São Tomé Island Endemic Treefrogs (Hyperolius spp.) and land-Use Intensification: A Tale of Hope and Caution.

  • Articles in SCI Journals
  • Jul, 2018

Strauß, L., Lima, R.F., Riesbeck, F. & Rödel, M.O. (2018) São Tomé Island Endemic Treefrogs (Hyperolius spp.) and land-Use Intensification: A Tale of Hope and Caution.

Tropical Conservation Science, 11, 1-14. DOI:10.1177/1940082918776434 (IF2017 1.149; Q3 Biodiversity Conservation)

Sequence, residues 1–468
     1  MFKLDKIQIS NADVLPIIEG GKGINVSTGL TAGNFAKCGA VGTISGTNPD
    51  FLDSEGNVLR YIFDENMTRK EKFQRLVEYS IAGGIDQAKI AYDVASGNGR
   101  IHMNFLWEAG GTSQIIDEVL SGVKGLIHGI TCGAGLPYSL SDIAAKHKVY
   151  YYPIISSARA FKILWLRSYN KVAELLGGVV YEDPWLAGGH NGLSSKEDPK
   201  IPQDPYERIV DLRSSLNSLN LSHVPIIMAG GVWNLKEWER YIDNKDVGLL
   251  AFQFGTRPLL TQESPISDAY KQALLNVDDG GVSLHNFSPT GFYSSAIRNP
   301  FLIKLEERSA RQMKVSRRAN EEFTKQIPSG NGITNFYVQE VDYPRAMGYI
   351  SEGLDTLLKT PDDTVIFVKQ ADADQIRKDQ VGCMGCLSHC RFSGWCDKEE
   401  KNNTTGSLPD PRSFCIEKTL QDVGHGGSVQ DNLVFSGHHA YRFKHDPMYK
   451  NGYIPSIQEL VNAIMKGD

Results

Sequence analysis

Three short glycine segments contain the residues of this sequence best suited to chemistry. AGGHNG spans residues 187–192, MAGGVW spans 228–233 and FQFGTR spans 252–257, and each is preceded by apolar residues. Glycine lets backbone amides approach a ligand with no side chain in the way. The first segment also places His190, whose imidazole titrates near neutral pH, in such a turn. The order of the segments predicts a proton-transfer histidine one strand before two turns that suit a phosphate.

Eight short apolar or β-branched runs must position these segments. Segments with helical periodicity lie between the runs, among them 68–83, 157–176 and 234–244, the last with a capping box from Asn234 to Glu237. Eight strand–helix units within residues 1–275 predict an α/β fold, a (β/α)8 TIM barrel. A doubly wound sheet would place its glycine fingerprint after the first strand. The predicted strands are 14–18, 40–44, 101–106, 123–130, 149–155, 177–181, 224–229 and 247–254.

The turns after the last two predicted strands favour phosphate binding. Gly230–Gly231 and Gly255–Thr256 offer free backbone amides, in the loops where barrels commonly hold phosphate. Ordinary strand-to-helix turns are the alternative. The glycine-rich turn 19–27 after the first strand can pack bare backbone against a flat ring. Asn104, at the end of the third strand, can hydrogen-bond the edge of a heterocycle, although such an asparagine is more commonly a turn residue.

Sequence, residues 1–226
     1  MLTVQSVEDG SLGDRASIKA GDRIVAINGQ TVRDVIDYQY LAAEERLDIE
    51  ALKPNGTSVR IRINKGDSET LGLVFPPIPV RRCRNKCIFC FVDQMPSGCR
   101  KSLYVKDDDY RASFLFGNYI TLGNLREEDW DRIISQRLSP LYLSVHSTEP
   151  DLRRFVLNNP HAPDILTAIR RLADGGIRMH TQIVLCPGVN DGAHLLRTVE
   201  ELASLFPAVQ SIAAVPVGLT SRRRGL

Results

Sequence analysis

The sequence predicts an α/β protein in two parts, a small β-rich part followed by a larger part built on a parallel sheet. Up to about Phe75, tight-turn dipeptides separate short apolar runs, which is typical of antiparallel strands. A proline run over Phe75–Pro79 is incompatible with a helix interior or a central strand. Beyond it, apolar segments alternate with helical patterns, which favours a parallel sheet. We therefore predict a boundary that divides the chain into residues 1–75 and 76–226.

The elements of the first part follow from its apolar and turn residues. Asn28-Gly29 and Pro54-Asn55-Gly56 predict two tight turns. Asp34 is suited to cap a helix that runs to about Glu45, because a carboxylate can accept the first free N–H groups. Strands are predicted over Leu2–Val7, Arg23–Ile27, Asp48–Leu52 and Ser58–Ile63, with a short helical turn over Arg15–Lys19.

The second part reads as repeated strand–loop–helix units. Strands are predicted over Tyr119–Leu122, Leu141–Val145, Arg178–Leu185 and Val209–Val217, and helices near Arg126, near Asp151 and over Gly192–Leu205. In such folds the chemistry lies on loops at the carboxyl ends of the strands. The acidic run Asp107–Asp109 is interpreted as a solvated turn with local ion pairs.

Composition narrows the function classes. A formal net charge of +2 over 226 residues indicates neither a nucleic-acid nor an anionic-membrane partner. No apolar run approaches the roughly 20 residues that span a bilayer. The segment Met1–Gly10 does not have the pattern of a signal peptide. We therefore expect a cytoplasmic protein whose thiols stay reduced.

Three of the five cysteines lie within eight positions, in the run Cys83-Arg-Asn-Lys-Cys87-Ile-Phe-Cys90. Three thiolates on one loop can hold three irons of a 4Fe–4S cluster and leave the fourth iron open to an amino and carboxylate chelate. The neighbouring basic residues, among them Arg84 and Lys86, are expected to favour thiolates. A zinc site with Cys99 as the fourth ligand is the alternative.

Forest degradation is a major driver of the global biodiversity declines. However, responses to forest degradation vary greatly between taxa and are predominantly understudied. This study investigates the effects of land-use change on the endemic amphibian fauna of São Tomé Island (Central Africa), where a fast-growing human population increases pressure on forest resources. We sampled acoustic data on reed frog (Hyperoliusspp.) abundance at eight transects in each of four land-use categories, representing different levels of forest degradation: old-growth forest, secondary forest, agroforest, and horticulture. While Hyperolius molleri was most abundant in secondary forest and horticulture, Hyperolius thomensis was almost exclusively found in agroforest. We interpret these differences based on reproductive traits, since both species deposit terrestrial eggs and have aquatic larvae, but reproduce in different microhabitats. H. molleri utilizes open water bodies bordered by vegetation for calling and oviposition, which human disturbance has made available in secondary forest and horticulture. In contrast, H. thomensis breeds in water-filled tree holes (phytotelmata), which predominantly occurred in agroforest, often within coral trees (Erythrina spp.). This first study on Santomean amphibian abundances revealed that H. molleri and H. thomensis males exhibit distinct nonlinear responses to forest degradation and may reap some benefit from human habitat alteration. However, despite their apparent tolerance to some anthropogenic disturbance, further land-use intensification may reduce overall habitat suitability for these and other endemic species.